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Recent trails found in Tanzania suggest fully upright walking began 3.7 million years ago. The footprints they found suggest that the fully upright gait of present day humans existed about 2 million years prior than previously thought ! “The shape of the human foot is probably one of the most obvious differences between us and our nearest living relatives, the great apes. The difference in foot function is thought to be linked to the fact that humans spend all of their time on the ground, but there has been a lot of debate as to when in the fossil record these changes occurred. Our work shows that there is considerably more functional overlap than previously expected,” Bill Sellers, of the University of Manchester’s Faculty of Life Sciences, said in a University of Liverpool news release. Known as the Laetoli trail, the 11 individual footprints found in Tanzania are the earliest known footprints made by human ancestors. The prints reveal features of a gait with more similarities to the way modern humans walk than the bipedal walking of chimpanzees, orangutans and gorillas. The study found that instead of the crouched walking posture with mid foot push off of present day apes, the researchers found that these new found foot impressions categorize a bipedal upright walk driven off the front of the foot and largely the big toe highly representative of the  human gait of today. This study suggested that Australopithecus afarensis had a much different build than that of modern day humans.  Their build had a long torso and short legs.  A reverse of modern man’s physique.  Thus, this studies researchers proposed that this species could only ambulate bipedally for short distances.  _______________________________ Click on the title link at the top  for the link to the copywrited article. Excerpts quoted from the article. So, if you are a believer in evolution (or, have been watching “Ancient Aliens”, the Docu-series on The History Channel   {wry humor}) ……. then this is worthy of longer term memory. Q.  Why is this article here and why do we deem it important to share with you ?  A. Because history is full of clues. To be good in this field of gait and motion, we feel that you should have a decent foundation in anatomy, neurology and physiology, store facts, keep an open mind, study the research (both old and new), do not discount historical information merely because it is old, and consider all options and possibilities so that knowledge can follow from more current experiences). (Fact: such memory items are encoded by your hippocampus, entorhinal cortex, and perirhinal cortex, but consolidated and stored mostly (we think) in your temporal cortex. Tidbit on memory: In gait, Procedural memory refers to movements of the body, such as how exactly to use use a phone, walk or ride a bicycle. This type of memory is encoded and probably stored by the cerebellum and the striatum. have a good week everyone…….. The Gait Aliens……. Shawn and Ivo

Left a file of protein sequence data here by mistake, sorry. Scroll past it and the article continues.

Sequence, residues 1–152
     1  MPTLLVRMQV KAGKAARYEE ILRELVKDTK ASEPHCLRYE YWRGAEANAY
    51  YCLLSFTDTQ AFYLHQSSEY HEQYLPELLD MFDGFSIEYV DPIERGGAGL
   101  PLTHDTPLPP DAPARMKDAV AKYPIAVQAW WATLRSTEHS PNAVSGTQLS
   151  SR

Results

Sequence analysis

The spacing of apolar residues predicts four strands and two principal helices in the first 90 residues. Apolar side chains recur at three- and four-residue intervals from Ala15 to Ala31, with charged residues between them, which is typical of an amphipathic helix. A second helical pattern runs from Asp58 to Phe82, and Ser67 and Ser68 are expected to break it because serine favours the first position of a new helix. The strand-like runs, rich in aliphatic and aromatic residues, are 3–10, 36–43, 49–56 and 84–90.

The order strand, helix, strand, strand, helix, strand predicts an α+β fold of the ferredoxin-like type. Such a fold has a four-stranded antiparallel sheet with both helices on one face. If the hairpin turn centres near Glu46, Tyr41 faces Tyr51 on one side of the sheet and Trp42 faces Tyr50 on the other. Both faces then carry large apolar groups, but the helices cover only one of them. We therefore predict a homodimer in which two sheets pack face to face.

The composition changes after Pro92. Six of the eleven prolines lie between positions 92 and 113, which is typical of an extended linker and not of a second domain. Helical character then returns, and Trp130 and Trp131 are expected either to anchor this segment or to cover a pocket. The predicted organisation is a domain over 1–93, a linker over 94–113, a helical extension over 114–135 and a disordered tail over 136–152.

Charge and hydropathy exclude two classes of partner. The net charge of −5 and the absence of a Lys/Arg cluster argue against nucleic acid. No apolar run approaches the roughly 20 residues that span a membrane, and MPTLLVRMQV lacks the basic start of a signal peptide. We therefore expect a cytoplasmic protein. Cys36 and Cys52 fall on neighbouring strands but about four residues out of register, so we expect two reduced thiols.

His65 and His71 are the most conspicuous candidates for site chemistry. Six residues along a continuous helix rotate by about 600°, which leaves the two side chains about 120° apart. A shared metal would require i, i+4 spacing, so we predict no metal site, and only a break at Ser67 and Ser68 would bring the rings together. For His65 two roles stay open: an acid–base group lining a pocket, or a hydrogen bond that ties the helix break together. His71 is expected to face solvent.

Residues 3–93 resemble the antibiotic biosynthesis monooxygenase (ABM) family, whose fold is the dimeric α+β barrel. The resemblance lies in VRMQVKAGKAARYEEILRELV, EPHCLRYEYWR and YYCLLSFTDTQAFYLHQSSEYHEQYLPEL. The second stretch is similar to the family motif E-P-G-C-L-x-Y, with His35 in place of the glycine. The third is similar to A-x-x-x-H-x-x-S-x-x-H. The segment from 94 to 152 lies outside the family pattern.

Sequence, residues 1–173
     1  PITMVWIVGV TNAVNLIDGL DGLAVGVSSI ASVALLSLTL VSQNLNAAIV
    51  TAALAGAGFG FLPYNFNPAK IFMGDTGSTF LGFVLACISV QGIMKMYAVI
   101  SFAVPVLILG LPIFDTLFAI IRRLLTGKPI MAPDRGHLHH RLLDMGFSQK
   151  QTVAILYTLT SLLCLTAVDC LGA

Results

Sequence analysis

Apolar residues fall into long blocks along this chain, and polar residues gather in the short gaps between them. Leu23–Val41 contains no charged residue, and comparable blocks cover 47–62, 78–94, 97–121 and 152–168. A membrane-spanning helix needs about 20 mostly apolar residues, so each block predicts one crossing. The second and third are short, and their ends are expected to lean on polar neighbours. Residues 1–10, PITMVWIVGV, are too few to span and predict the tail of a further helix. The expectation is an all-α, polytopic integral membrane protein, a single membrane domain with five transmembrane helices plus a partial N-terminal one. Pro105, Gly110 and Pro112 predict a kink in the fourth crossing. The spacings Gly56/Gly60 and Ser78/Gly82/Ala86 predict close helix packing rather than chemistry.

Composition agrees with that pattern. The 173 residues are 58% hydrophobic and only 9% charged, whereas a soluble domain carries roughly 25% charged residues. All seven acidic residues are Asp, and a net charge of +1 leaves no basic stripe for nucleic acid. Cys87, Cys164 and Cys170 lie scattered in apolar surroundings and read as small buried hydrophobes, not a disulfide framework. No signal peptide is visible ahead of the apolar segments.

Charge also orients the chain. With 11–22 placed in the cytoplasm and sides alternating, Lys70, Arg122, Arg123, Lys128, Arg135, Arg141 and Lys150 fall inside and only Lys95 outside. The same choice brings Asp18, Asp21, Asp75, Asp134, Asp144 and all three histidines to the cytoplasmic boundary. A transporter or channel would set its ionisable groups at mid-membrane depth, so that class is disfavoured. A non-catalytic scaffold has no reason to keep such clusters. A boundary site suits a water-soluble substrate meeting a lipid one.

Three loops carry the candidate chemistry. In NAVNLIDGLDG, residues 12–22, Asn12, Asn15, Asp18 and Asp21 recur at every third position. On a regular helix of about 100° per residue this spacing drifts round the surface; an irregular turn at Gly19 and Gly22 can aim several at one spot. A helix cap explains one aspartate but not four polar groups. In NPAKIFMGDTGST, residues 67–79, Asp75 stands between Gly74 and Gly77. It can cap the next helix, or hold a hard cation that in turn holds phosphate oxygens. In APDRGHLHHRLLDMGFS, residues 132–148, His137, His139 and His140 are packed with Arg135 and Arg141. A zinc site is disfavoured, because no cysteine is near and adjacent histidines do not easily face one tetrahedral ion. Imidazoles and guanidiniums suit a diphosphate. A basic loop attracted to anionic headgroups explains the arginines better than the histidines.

Ancient Footprints Reveal Earliest Signs of Human-Like Gait